In approximately 15% of the homes that we manage, we will need to delay the marketing of the property until after the existing tenants have moved out. In these cases, where tenants are not maintaining...

Understanding EPA Requirements for Repairs in Older Homes

Michele - Thursday, June 11, 2015
Property Management Blog

Currently, 13% of the homes currently on the market for rent in Prince William County were built before 1978. For such properties, it is important for landlords to understand the EPA regulations which govern how repairs must be made in a tenant occupied property that may contain lead based paint.


If your home was built before 1978, a lead based paint disclosure and information pamphlet will be provided to your tenants at the time of lease signing.


http://www2.epa.gov/sites/production/files/2014-02/documents/lead_in_your_home_brochure_land_b_w_508_easy_print_0.pdf


While we are managing a property built before 1978, and a repair is needed that will disrupt drywall (more than 6 SQFT inside or 20 SQFT outside), we will need to use an EPA certified vendor to perform the required repair. That vendor will seal off the area while work is being completed and ensure that all dust is properly removed. The additional preparation, containment, and clean up involved will impact the c...

When the Courts Need to Get Involved…..

Michele - Thursday, June 4, 2015
Property Management Blog

With strict qualification criteria in place, we seldom need to proceed with tenant evictions (typically no more than 1 tenant per year with 250+ managed properties). While we have an excellent attorney on retainer and a swift process to proceed with eviction if necessary, we do want landlords to understand that late or non-payment of rent is always a possible risk with a rental property.


In Prince William County, the eviction process typically takes 6-8 weeks to complete. If we have not received rent by noon on the 5th of the month, we’ll give a courtesy call to the tenant to get a status on the rent payment. If rent is not received by 9AM on the 6th of the month, we will assess late fees and have the Sheriff post a 5 Day Notice of Material Non-Compliance to begin the legal process.


If the tenants have still not made a full rent payment 5 days after the notice has been posted, we will file an Unlawful Detainer with the General District Court and schedule an eviction hearing (typically about 3 weeks later).


At the time of the eviction hearing, if all of the paperwork is in order, the judge will grant immediate...

Annual Maintenance of Your Asset

Michele - Thursday, May 28, 2015
Property Management Blog

If you were still living in the home that has now become a rental property, you would likely be power washing and sealing the deck every 2 years, trimming the trees that begin brushing against the house, sealing the driveway before the cracks get too deep, and painting any peeling trim before the wood begins to rot.

These annual maintenance tasks are just as important on your rental property as they are on your primary residence. Deferring these maintenance items just pushes the cost into the future at a much higher price.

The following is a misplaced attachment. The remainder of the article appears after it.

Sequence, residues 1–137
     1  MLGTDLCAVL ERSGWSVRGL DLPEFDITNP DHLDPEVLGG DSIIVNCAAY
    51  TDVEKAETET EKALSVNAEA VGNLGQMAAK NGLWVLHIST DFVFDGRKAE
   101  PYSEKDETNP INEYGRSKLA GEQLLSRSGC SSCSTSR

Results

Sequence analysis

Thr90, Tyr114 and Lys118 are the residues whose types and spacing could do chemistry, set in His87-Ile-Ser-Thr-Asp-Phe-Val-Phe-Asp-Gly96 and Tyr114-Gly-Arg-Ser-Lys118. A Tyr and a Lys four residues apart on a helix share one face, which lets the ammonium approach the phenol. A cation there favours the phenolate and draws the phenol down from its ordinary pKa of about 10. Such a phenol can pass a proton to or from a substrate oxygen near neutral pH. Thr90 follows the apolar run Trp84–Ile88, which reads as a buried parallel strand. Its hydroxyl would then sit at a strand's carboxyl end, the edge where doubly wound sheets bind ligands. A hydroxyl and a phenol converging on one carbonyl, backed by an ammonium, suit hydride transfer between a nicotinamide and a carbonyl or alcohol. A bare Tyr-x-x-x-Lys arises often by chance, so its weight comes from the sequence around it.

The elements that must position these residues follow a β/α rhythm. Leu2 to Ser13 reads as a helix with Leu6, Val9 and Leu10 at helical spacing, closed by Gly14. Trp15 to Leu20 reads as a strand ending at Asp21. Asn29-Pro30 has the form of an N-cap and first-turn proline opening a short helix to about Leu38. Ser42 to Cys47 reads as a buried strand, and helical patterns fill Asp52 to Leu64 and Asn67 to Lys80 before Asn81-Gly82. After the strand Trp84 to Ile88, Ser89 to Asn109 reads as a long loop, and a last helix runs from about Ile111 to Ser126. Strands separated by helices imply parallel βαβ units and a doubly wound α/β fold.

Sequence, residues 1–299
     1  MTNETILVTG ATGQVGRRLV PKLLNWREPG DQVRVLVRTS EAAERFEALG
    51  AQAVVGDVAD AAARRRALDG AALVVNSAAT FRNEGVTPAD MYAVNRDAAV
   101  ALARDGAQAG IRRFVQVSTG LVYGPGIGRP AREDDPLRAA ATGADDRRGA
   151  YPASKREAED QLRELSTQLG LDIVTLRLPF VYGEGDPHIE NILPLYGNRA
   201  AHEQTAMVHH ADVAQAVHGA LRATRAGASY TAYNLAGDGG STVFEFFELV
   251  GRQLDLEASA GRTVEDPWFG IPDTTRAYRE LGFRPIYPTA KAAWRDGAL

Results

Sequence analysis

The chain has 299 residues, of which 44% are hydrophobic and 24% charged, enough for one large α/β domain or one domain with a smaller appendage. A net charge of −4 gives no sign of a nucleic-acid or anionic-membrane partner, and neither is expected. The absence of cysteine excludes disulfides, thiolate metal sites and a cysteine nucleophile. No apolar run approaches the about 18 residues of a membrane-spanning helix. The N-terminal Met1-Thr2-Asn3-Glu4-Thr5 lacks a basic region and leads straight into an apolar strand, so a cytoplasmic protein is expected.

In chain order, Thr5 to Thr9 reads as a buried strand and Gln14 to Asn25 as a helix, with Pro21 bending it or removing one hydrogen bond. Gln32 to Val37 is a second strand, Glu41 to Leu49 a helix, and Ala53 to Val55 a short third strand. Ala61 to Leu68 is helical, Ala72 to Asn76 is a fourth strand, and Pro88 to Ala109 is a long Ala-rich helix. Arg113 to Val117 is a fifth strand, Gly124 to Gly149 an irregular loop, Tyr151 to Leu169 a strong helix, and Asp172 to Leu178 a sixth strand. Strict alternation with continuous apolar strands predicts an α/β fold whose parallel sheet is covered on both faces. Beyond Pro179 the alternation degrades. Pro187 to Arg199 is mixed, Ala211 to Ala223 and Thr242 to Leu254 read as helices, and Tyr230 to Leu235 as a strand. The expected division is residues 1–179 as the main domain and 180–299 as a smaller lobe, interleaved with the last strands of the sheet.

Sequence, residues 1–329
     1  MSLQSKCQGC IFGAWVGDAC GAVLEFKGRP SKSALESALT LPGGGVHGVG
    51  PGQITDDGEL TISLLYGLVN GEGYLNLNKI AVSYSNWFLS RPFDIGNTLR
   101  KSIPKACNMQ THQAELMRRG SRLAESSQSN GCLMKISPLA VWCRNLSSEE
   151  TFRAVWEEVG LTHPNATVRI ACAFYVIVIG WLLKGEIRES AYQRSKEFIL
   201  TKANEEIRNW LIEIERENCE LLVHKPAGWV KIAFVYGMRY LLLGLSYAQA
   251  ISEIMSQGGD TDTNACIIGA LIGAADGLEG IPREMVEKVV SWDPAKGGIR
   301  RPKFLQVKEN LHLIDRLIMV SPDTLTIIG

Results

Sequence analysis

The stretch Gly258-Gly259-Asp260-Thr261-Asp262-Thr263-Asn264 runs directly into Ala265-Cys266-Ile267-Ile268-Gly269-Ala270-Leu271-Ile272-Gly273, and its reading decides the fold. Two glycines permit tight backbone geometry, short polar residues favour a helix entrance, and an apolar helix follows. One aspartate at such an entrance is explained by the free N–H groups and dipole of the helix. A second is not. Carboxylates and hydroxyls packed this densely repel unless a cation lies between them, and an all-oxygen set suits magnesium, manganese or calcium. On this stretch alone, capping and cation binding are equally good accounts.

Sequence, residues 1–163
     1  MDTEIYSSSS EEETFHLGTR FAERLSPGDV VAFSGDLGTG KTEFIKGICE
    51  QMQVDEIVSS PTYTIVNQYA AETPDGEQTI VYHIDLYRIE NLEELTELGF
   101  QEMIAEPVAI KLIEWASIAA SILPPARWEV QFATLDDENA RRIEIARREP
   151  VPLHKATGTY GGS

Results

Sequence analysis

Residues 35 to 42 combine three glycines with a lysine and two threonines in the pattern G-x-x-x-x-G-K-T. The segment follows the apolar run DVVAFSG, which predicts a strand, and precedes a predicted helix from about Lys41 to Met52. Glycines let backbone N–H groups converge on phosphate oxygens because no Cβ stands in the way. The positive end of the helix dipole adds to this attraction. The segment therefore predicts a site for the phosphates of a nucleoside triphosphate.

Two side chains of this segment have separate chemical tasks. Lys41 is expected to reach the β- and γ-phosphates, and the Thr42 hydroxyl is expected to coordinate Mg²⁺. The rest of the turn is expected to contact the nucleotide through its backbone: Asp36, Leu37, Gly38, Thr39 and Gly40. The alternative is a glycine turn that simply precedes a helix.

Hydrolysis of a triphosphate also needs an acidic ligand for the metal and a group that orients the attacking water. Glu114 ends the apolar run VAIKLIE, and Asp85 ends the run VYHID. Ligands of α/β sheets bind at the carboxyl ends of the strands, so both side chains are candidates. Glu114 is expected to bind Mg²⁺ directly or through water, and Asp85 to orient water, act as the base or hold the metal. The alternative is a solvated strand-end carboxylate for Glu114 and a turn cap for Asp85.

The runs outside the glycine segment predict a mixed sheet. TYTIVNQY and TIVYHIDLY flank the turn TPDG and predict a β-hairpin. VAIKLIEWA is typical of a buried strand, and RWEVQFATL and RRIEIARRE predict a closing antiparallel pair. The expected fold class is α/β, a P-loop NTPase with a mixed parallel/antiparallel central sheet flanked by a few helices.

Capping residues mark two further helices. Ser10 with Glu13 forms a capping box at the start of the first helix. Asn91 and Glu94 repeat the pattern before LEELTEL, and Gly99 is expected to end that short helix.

The better the house is maintained, the quicker it will rent and the better positioned it will be for eventual sale. Some of these maintenance items will need to be addressed if they become HOA violations, but landlords should be proactive about maintaining their properties, not just because the HOA requires them to do so, but also because it helps protect the long term value of their asset.

When preparing an annual budget for your rental property, we suggest factoring in expected costs of exterior maintenance over the next 3-5 years.

HOA Coordination

Michele - Monday, May 25, 2015
Property Management Blog

Most of our managed properties are located within communities that are governed by a Home Owner’s Association (HOA) or Condo Association. The lease will require that the tenants comply with all HOA regulations. In order to do so, the owner must provide a copy of the HOA regulations that pertain to parking, trash pick up, use of grills, exterior maintenance, etc.


Some HOAs also require that a landlord notify them when transitioning a home into a rental property and provide the association with a copy of the lease. Owners will need to check with their HOAs to find out if what specific requirements are in place for rental properties.


Owners should also let us know what additional coordination will be needed between our office and the HOA such as ensuring tenants have parking passes, visitor hang tags, pool passes, club house passes, gate entry cards, etc.


Owners must also provide the HOA with their forwarding address to ensure that they are notified promptly of any HOA violations. Many owners choose to have violation notices sent directly to our office so that we can take immediate action when notified.

Read More...

VRLTA versus Common Law Leases

Michele - Thursday, May 14, 2015
Property Management Blog

In Virginia, if a landlord owns only one rental property, the owner may choose to lease that property subject to Common Law or subject to the Virginia Residential Landlord Tenant Act (VRLTA). While the landlord does have that choice, at RPM Direct, it is our policy to prepare all leases subject to the VRLTA.


There are many differences between the two options, both of which do provide fair protection to both parties. The primary reasons that we’ve decided to use the VRLTA lease exclusively are related to the late payment of rent and the eviction process:


Under Common Law, when a 5-Day Pay or Quit Notice is posted on the tenant’s door, if the tenant decides to “Quit” or leave the property rather than to pay the past due rent, the lease is automatically terminated and no further rent is due from the tenant to the owner. Under VRTLA, when a 5-Day Notice of Material Non-Compliance is posted, even if the tenant leaves the property, he or she is still financially responsible for payment of rent through the remainder of the lease term, subject to the owner’s duty to attempt to find a replacement tenant.


Under C...